Probiotic Monograph Will Be First Ever for Food Chemicals Codex

January 13, 2014

The monograph is specific to the Bacillus Coagulans GBI-30, 6086 bacterial strain.

The first-ever probiotic monograph for the Food Chemicals Codex is now in draft form and accepting public comments. This is the first new FCC monograph the U.S. Pharmacopeial Convention (USP; Rockville, MD) has proposed in 2014. Once finalized, it will publish in the FCC’s ninth edition.

Manufacturers and industry members have until March 31, 2014, to comment on the newly proposed monograph via the FCC Forum. FCC monographs set ingredient-specific quality standards to guide food manufacturers.

The probiotic monograph is specific to the probiotic strain Bacillus coagulans GBI-30, 6086. (Cleveland-based probiotic ingredient supplier Ganeden Labs markets its patented Ganeden BC30 Bacillus coagulans GBI-30, 6086, ingredient.) This Gram-positive bacterial strain is increasingly used in food products in recent years because its spore-forming nature can withstand rigorous food processing conditions such as heat, compared to other bacterial strains. So far, the strain has been used in a variety of food products, including baked goods, coffee and tea, dairy products, and pasta. In 2012, it became the first Bacillus bacterial strain to receive FDA’s GRAS notification. Bacillus coagulans GBI-30, 6086, shows digestive and immune health benefits in clinical tests.

USP says this is the first proposed FCC monograph for a probiotic type of microbial food culture.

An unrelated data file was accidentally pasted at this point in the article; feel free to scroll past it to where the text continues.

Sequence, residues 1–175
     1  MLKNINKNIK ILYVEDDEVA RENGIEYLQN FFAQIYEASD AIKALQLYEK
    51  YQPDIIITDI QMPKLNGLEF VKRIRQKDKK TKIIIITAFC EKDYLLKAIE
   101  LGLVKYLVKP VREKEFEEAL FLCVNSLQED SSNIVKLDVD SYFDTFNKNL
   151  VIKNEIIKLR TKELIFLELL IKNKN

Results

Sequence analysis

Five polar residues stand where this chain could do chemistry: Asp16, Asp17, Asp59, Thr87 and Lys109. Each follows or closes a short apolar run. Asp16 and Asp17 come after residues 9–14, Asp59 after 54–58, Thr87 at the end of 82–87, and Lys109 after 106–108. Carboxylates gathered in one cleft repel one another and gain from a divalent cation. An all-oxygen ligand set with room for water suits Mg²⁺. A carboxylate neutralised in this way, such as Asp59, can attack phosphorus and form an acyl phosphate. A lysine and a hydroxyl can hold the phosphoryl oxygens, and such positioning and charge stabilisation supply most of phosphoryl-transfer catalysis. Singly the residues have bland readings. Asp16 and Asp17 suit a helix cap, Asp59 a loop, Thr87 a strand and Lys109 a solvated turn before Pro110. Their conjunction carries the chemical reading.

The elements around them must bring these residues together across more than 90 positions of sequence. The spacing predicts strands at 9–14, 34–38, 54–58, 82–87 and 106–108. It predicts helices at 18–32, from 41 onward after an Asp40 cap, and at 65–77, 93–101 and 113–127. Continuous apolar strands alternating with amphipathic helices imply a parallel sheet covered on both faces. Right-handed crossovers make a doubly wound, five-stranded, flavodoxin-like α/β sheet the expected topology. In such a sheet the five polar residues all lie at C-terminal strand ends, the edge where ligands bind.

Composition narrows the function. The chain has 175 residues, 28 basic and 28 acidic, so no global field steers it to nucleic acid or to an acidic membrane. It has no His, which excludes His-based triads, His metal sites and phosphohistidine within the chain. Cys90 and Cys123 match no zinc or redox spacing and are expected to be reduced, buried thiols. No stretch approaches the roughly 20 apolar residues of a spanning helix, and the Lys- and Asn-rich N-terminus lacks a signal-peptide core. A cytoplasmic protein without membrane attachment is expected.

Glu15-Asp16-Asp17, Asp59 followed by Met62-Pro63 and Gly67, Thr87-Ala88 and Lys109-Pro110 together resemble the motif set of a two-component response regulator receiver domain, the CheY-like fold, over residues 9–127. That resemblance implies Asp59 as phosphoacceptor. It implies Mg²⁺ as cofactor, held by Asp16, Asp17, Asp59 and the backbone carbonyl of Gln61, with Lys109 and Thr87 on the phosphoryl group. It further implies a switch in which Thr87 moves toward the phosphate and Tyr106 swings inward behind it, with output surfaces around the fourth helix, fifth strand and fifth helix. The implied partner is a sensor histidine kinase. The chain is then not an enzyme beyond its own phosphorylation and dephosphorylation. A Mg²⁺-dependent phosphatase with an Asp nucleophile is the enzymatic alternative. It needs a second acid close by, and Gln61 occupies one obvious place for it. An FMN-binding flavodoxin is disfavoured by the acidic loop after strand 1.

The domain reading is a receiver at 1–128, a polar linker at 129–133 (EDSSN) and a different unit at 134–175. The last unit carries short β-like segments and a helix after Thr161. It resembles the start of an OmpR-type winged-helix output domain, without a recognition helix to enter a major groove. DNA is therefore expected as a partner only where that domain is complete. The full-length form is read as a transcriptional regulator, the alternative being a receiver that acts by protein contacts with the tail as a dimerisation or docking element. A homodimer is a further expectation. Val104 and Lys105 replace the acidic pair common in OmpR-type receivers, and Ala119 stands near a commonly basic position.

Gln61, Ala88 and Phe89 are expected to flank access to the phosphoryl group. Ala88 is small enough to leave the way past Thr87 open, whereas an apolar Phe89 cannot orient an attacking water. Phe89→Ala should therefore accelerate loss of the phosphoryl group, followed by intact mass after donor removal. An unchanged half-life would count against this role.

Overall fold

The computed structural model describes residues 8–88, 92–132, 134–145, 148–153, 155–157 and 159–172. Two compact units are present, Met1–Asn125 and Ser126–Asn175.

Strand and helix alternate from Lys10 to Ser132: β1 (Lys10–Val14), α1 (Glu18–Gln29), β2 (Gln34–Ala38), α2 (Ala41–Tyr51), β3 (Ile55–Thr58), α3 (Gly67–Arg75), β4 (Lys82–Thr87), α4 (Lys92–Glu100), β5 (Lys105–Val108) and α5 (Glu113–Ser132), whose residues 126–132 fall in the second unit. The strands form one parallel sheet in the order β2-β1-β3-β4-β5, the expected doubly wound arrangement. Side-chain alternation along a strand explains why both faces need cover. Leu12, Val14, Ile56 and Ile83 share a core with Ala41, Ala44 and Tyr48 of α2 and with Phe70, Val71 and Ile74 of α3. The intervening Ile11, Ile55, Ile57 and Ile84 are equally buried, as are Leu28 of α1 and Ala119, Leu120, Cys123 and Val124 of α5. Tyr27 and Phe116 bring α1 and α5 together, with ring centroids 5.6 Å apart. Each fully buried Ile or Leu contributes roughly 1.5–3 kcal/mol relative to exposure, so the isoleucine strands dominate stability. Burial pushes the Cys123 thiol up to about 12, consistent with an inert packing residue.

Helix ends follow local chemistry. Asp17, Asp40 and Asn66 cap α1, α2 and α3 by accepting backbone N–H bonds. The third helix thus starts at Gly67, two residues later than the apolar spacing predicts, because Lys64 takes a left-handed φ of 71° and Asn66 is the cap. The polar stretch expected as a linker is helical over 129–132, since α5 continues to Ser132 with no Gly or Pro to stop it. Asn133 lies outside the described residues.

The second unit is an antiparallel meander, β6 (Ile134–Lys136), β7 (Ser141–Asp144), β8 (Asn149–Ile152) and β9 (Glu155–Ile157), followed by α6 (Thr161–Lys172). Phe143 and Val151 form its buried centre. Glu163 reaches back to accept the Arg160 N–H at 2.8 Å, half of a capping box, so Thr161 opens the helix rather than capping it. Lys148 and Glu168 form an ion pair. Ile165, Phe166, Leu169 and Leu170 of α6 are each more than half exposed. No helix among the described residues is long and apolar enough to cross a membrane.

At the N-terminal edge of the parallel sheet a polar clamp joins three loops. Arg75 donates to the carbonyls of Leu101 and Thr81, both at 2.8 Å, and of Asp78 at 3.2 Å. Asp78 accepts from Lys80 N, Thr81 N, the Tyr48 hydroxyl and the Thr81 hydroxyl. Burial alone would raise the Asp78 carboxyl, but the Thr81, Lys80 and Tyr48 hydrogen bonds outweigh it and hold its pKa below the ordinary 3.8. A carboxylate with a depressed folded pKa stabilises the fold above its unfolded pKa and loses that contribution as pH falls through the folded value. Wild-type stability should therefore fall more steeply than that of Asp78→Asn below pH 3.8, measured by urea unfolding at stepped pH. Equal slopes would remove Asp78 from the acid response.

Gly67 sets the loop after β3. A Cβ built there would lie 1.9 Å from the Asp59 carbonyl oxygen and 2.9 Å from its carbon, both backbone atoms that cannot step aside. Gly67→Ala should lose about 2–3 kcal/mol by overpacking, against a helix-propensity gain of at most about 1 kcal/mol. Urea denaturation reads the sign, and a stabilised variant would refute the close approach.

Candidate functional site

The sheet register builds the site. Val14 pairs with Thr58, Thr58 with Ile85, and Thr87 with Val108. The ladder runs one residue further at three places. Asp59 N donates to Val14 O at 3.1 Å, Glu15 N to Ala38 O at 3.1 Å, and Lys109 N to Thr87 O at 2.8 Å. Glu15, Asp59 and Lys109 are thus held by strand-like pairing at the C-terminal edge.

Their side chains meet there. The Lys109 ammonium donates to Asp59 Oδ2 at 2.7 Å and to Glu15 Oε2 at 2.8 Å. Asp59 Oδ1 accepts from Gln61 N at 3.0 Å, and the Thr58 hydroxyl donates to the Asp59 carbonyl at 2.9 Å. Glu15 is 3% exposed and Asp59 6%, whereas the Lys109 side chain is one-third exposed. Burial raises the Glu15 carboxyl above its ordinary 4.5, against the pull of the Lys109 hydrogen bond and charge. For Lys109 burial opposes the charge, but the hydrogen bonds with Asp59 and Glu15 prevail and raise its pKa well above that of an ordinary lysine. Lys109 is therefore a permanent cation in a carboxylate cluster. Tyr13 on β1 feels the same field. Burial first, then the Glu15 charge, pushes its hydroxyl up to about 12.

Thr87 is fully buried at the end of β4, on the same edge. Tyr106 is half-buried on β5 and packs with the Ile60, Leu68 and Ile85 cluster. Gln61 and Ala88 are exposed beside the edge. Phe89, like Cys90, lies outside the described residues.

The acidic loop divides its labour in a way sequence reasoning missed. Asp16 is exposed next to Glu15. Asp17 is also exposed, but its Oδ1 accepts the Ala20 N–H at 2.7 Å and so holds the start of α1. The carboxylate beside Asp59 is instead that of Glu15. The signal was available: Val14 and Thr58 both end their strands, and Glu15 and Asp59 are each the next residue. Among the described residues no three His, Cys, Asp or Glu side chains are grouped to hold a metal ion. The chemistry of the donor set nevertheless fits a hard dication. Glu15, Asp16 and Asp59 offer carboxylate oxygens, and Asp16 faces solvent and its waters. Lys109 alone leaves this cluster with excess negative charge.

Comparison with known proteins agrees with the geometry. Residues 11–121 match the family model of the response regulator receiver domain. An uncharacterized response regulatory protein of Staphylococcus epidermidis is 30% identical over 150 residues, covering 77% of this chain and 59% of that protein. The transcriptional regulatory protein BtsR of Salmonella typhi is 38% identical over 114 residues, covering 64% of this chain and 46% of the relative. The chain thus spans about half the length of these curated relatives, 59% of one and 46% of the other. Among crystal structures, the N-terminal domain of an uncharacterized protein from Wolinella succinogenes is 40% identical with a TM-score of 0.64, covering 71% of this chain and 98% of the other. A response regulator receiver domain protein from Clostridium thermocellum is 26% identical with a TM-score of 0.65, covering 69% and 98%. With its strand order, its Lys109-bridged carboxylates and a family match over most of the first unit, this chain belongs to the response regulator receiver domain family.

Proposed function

USP has also proposed a new identification tool for skim milk powder to address market adulteration with nitrogen-rich chemicals such as melamine. The new tool tightly defines the amount of non-protein nitrogen skim milk powders should contain.

USP is also developing new reference standards for skim milk powder, includingUSP Skim Milk Powder and USP Skim Milk Powder with Melamine – Level D. “USP Skim Milk Powder with Melamine – Level D is the first reference standard in the history of USP that was produced by intentionally spiking liquid milk with a specific level of melamine before spray-drying the milk to produce a milk powder containing a specified amount of melamine. This production process of this reference standard has been designed to mimic as closely as possible the way skim milk powder is expected to have been illegally adulterated,” USP says. USP says its reference standards also protect against other future adulterants besides melamine.

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